When venturing out into the snow, it’s imperative to be warmly and comfortably dressed so that you can enjoy it to the fullest. There are a lot of things to consider, such as materials, styles and features that will keep you warm and cosy in the densest snowfall.
Ultimately, this guide should inform you exactly what to wear skiing.
What to Wear in the Snow: Snow Attire
When skiing, you’re looking for outerwear that’s going to address a number of factors:
- Waterproofing – we all know what happens when snow melts, and being sopping wet under layers of insulated clothing is sure to ruin a day on the slopes
- Thermal insulation – A good set of thermal undergarments will help keep your body temperature at a comfortable level from the moment you leave the ski hut.
- Weight – a full outfit of ski gear can add extra pounds to your body weight, which can make it a lot more difficult to steer when speeding down the slopes. Gear that’s too light, however, is often not as durable or water resistant.
- Accessories – you’ll definitely want to bring your phone, or a camera up the mountain to snap some pictures. Easily accessible zipped pockets, a carry pouch on the inside of your jacket or any nifty stowaway compartment can be a great help when stashing the odd protein bar or hand warmer.
- Function – you want to be able and mobile, rather than feeling like you’re stuck in a hazmat suit. Ultimately this means: clothing that is easily manoeuvrable and mobile; goggles and accessories that are easily adjustable and ski gloves that you don’t need to take off to unzip pockets or clip something up.
When buying clothes for snow, or choosing your ski attire for the slopes, you’ll usually be dressed in thermals and a ski jacket and pants.
If you apply all the pointers mentioned above to each of these items when considering which to choose, you’ll be set up for a perfect day on the slopes.
What to look for in a Ski Jacket
When looking for a ski jacket, there are a lot of styles and factors to think about, as well as many brands to consider.
To simplify, let’s look at the top three things you’re going to want to look for in a waterproof ski jacket
- Sealed Seams – having your seams taped or sealed helps with the water resistance of a jacket, especially when your jacket ages, with the possibility of the waterproofing treatment wearing away.
- A Powder Skirt – this will prevent snow from spraying up under your jacket if you take a fall.
- A Hood – when you’re really freezing, a tightly fitted or fur hooded ski jacket can help keep your head warm. They’re also often made to go over helmets with ease.
What Pants to Wear in Snow
Ski jackets are the main item considered when considering how to dress for snow, but ski pants are equally as important. They will to be bearing the brunt of the snow spray and your legs are going to be doing a lot of the work, so it’s important to choose wisely.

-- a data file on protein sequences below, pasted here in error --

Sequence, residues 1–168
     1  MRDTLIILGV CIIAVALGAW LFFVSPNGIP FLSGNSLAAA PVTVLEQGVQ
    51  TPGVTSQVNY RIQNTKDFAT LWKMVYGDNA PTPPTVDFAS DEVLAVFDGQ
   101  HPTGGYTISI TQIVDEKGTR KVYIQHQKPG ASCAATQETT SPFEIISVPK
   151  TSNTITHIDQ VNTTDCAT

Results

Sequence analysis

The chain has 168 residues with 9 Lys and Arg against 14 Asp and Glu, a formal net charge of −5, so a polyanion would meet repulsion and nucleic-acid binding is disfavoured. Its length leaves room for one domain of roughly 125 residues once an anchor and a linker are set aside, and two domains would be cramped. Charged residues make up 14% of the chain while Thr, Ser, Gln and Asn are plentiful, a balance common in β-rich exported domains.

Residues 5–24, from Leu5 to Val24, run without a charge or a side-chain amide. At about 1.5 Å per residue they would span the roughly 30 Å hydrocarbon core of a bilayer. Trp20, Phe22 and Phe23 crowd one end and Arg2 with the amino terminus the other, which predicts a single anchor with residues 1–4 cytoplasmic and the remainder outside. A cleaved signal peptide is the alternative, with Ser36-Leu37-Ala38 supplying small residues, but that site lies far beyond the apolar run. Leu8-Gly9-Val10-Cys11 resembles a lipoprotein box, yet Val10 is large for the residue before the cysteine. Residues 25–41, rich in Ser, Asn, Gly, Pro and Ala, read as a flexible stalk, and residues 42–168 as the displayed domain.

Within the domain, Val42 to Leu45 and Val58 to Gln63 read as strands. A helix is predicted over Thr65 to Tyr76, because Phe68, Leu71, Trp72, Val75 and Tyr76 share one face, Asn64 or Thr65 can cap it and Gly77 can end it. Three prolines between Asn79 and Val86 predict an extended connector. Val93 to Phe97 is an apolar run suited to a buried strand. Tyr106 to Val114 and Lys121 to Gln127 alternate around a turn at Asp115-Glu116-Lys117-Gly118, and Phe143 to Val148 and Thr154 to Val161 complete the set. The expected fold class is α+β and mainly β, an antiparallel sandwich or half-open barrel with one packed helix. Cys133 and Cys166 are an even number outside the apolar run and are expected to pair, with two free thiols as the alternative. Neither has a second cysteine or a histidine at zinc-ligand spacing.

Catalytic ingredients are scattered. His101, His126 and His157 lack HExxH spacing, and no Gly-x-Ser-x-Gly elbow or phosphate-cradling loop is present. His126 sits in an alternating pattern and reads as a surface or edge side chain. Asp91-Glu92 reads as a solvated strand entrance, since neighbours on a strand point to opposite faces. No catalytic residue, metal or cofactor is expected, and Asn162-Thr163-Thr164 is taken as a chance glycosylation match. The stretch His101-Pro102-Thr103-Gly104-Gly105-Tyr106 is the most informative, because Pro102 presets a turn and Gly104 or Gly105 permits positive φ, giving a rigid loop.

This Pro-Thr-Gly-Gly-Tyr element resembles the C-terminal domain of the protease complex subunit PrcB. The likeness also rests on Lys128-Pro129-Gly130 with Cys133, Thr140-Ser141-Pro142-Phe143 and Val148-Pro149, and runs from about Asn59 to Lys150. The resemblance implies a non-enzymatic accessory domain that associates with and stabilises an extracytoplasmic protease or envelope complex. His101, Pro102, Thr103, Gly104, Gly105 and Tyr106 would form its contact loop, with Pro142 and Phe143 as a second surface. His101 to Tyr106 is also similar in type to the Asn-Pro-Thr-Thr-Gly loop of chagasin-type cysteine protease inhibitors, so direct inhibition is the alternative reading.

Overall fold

Here are some things to consider when looking for ski pants:
- Waterproof ratings (measured in mm)
- Gaiters, which stop snow from getting into your pants through the leg holes.
- Flexibility. This is vital for your mobility.
- Venting. This can allow an overload of heat to escape. A much-needed touch when you’re insulated up to your neck and doing high-performance sports – it gets hot.
You’re hardly going to find snow pants that look like jeans, so go for something practical over something that looks good.
What to wear Under Snow Pants
It’s always wise to double up with a pair of thermal leggings under your ski pants. When going up the ski lift, or waiting in line to zip down a slope, you really don’t want to start getting chilly.
Also important are warm, or heated socks. Your extremities are the first place that blood leaves when trying to warm your body up, so it’s wise to keep those fingers and toes warm.
Thermals are your go-to for layering when in snow for long periods of time – some might even say these are more important than your outerwear. Polyester, wool and spandex are the best thermals for snow, as they’re light and flexible and achieve that ‘second skin’ feel you’re looking for in thermals.
Easily missed when dealing with thermals are balaclavas or ski masks, which keep your ears warm and fend off the icy air trying to make it down the back of your neck into your ski jacket. Another thing to consider is a thick sleeping bag to bring with to your lodging – while most ski lodges have warm blankets and heating at the ready, an extra layer of sleeping bag is never a bad idea.
When broken down, dressing for skiing is actually rather straightforward, but it’s important to plan ahead so that you’re not too cold or uncomfortable out on the slopes. With good quality gear on hand and the helpful odd accessory, you’ll be set for your next ski trip and ready to hit the big slopes.